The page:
Gameplay, Humanity’s True Savior

Image via Bungie

If you look instead to the gameplay of Lightfall, the picture is much rosier. Actually playing the campaign missions is fun, mostly. Though having to use completely unupgraded Strand when its abilities are unfamiliar and you have no build synergy, is incredibly frustrating.

That said, there’s a ton of great gameplay variety. From stowing away on and destroying the inside of a massive Cabal carrier to Strand’s introduction to an intense vehicle section, and lastly to a drawn-out fight that demands both endurance and attention. Then, moments of brief levity will give you a chance to breathe and prepare for whatever’s next.

Almost all of the combat encounters are well-designed, save one near the end that I’ll maintain until my dying day is probably the worst-designed fight in the Destiny franchise. My friends disagree, but I shan’t be dissuaded. Every new encounter asks you to use your skills in similar but still varied ways, and this is especially true of the sections where you’re learning to use the new Strand subclass. They’re often thrust upon you with no warning and little guidance on how to use the class itself. This gets in the way in the later parts of the campaign, but once you finish and begin to unlock Strand’s true potential, those early frustrations get mostly left behind.

Lightfall’s post-game is also top-notch, with a bevy of new Exotic armor and weapon choices, all strong in their own way. The quests to get those Exotics are also enjoyable (for the most part), taking you on a more focused tour of Neomuna and asking you to engage with the expansion’s additional activities. From helping Nimbus come to terms with the loss of their best friend and mentor in the Unfinished Business quest to uncovering some of the secrets of Neomuna’s past with the Winterbite quest chain, there’s a lot to like in Lightfall, once you get past the obligatory and far below-par campaign.

The various endgame activities — Terminal Overirde, Hard Reset, and hopefully the Root of Nightmares Raid — are all fantastic, if a bit on the easy side. They’re usually more deftly written (where there is writing) and are engaging mechanically across many outings. That’s not even counting the new Strike and the Seasonal content released with Lightfall, which is one of the coolest new activities we’ve seen in a while. The seasonal content has been a mixed bag, with Season of Defiance having some great gameplay and writing — until it really didn’t. Season of the Deep was marred by its need to continue both the Lightfall story and tell its own, and was fun enough without ever reaching the highs of seasons past.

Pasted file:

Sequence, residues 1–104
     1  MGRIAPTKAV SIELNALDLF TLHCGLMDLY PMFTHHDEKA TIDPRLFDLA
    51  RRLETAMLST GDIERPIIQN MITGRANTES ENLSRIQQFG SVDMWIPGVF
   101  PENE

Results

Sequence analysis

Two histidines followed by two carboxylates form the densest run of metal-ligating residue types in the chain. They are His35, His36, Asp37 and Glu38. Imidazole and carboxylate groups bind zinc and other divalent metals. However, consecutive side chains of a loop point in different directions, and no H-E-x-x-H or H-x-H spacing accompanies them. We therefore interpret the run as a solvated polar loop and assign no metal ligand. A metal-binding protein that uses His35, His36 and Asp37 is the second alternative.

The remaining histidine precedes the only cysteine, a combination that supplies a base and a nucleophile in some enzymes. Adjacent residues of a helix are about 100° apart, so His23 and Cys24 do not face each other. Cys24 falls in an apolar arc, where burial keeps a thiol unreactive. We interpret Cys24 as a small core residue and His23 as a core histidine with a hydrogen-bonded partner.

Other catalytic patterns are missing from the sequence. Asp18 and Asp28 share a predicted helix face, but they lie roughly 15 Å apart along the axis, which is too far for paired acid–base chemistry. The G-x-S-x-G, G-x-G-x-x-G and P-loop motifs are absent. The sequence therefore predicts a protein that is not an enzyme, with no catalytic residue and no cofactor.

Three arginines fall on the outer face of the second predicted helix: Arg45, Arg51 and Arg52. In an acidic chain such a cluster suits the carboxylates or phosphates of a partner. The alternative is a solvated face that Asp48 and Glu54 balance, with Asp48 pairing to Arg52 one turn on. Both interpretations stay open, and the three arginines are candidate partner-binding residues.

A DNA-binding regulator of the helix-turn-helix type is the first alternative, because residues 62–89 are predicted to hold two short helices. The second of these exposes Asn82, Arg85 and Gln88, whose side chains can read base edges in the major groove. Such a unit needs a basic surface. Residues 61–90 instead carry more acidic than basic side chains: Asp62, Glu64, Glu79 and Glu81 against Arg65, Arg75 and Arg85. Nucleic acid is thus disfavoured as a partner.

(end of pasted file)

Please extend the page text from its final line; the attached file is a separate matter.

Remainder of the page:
Perhaps most importantly, the weapons exclusive to Lightfall and the Neomuna destination are some of the best in the game. All of them are craftable and can go toe-to-toe with the classics and old standbys. Getting your hands on the right rolls of the LIghtfall weapons is harder than it should be and is frustratingly tedious at its worst. Earning the final crafting patterns is less relief than joy, as it means you can finally stop farming destination engrams and gold patrols.

Destiny 2 Lightfall Review — The Bottom Line

Image via Bungie


  • A strong gameplay showing between Strand and various endgame activities.
  • A solid selection of top-tier weapons.
  • Great music.


  • Somehow the worst story in all of Destiny 2.
  • One of the worst gameplay sections in the franchise.
  • Multiple narrative and gameplay experiments that fall completely flat.

If you’ve read this far and wonder if the last several paragraphs of good things in Lightfall outweigh the bad, let me tell you that they almost don’t. The low points of this expansion are so low that it’s impossible for me to look past them or not factor them into my opinion. I can’t even say what many community members said back at the release of the first Destiny: that it’s the best 7/10 they’d ever played. Lightfall is just a 7, and I think that’s being quite generous.

If you want more D2 content (from what’s actually good), there’s tons of additional Lightfall coverage in our Destiny 2 guides hub.

[Note: Bungie provided the PC copy of Destiny 2 Lightfall used for this review.]

Image via Bungie

Destiny 2 Lightfall Review: More Trip Than Fall

The Destiny 2 Lightfall expansion trips at the starting gun and falters almost the whole way through.

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About the author

John Schutt

John Schutt has been playing games for almost 25 years, starting with Super Mario 64 and progressing to every genre under the sun. He spent almost 4 years writing for strategy and satire site TopTierTactics under the moniker Xiant, and somehow managed to find time to get an MFA in Creative Writing in between all the gaming. His specialty is action games, but his first love will always be the RPG. Oh, and his avatar is, was, and will always be a squirrel, a trend he's carried as long as he's had a Steam account, and for some time before that.